The mom actress wanted to arrive early to practice her entrance, and this is a clear sign she might be my problem child.
It's not a difficult entrance. She walks in chasing an imaginary fly. She smacks the table with her swatter, walks over to the phone table and kills the fly by smacking the table three times. First, she forgets to go to the first table. Then she can't smack the table three times and say the words "die, die, die" at the same time. This happens in similar ways throughout the night. She can't say her lines while she's moving, and I make her do one scene three times to speed her up. When I was in Glass Menagerie seven years ago -- seven?! -- our director had the same trouble with that mom actress and chided her daily with "walk and talk." That phrase flew out of my mouth this night, and I worry I've cast a bad actress. But what could I do? She auditioned.
The other actors have some trouble with their movement but not to her level. At the end of the rehearsal, the actor suggests I put my thumb down on the mom actress more. I tell him I'll give her some leeway during our next rehearsal (almost a week away) but will be demanding the next night. This doesn't placate him. But the conversation is over. I've explained myself, and I've talked about another actor behind her back. I'm not proud of that. Conversation over.
This actor and the actress playing his girlfriend are feeling the burden of working with a weaker actress. They ask me afterward how they should approach their characters, and I again explain that they don't have developed characters. This is a sitcom. There is no soul-bearing monologue. There is no depth. And we are NOT to shoehorn anything into the play. We work the script we have been given. The actor was on the committee that chose this script over the others. He should be further along in his approach. He's adding dialogue, and he's not sticking to the script. He may not realize that my stern Thursday rehearsal next week will include admonishing him too.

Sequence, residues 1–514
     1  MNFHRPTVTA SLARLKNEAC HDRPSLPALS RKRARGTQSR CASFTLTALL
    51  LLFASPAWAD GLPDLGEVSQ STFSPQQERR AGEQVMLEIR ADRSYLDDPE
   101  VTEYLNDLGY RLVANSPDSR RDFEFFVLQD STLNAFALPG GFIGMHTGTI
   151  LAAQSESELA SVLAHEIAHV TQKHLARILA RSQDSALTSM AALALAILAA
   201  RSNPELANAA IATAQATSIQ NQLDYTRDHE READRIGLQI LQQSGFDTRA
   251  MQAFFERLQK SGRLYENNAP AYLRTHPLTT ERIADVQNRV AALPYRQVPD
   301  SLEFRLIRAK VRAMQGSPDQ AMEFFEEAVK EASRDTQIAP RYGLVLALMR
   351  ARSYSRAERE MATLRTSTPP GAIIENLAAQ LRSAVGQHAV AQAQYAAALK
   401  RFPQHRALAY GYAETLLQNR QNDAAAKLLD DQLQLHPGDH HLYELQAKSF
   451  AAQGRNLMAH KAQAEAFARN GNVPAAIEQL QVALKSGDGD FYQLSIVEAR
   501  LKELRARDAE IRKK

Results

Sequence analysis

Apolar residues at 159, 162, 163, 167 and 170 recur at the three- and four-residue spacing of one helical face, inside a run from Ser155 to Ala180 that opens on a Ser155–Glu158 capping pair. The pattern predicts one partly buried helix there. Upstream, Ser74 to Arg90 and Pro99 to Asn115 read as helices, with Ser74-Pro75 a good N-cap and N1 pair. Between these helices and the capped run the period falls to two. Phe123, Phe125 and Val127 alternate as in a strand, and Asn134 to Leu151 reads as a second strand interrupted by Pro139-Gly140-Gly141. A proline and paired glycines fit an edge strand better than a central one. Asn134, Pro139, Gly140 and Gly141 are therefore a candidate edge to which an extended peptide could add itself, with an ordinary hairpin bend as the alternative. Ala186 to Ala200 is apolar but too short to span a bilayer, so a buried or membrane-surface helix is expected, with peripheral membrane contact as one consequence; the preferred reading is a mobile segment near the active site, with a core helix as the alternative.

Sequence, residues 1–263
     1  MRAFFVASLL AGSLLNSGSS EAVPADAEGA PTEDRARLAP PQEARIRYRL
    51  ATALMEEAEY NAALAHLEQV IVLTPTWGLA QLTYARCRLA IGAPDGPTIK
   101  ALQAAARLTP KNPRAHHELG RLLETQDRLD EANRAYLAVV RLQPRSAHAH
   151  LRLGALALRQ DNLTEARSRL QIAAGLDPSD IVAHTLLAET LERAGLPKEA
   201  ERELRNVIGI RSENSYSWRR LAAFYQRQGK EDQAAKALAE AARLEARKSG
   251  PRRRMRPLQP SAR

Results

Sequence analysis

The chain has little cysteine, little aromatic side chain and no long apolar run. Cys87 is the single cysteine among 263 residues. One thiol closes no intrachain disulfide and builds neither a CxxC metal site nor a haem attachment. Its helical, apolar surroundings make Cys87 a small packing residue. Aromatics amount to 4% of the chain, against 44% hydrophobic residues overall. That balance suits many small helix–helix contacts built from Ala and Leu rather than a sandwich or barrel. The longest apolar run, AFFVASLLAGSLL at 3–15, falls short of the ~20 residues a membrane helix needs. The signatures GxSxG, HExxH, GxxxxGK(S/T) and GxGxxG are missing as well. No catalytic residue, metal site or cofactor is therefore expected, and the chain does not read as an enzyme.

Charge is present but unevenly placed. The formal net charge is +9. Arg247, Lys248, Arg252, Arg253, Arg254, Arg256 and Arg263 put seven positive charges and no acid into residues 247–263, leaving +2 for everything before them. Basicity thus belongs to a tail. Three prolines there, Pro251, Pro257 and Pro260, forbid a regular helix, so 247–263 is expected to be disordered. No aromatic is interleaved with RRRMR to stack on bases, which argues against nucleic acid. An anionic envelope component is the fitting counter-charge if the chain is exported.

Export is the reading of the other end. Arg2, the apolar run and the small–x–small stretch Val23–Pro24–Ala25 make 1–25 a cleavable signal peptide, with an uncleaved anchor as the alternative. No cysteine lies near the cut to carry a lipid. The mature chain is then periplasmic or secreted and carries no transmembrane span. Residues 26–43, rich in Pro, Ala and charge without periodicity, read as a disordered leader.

He's also pushing for a cake to be taken out of the cake box and clearly visible on the dinner table. He just thinks it should be seen, he says. I tell him he's welcome to find a cake that he wants to carry onstage and choreograph with the other props on the table. If he wants to carry in a real cake along with his script and other props, have at it. It's not my complication. Of course, we'll have to rehearse with it, so he'll need to buy two cakes. One for rehearsal, and one for the performance, as I have no intention of delving into a week-old cake. Go ahead, I say, take charge of the multiple cake props.
I end the night by telling everyone to mark their scripts clearly so they are ready to say their next line. If their lines are split among two pages, write the rest of the line on the bottom of the first page. Tighten up the delivery. Don't say it faster; start your line quicker. Next week, we hit the cadence, and I again I quote my Menagerie director: I'd rather reign in a zealot than raise the dead. Louder and quicker, that's your homework.
And I need a drink.